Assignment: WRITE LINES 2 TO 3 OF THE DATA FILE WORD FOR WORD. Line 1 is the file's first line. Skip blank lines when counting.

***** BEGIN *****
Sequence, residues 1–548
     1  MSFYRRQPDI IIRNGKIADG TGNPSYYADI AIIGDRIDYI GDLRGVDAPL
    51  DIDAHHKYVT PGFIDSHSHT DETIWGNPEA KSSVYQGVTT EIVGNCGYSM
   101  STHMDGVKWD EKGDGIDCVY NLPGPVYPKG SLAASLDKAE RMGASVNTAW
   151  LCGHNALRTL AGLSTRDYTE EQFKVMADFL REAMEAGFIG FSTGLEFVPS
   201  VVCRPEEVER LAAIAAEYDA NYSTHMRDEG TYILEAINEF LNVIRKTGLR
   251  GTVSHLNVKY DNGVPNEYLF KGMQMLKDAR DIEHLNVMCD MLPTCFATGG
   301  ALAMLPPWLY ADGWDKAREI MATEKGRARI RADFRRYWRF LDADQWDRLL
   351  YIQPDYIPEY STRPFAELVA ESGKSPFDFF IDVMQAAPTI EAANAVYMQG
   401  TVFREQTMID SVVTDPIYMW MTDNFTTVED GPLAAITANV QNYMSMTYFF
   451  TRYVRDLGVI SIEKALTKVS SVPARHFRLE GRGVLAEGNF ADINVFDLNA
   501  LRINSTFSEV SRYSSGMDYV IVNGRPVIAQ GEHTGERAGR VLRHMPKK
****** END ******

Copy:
     1  MSFYRRQPDI IIRNGKIADG TGNPSYYADI AIIGDRIDYI GDLRGVDAPL
    51  DIDAHHKYVT PGFIDSHSHT DETIWGNPEA KSSVYQGVTT EIVGNCGYSM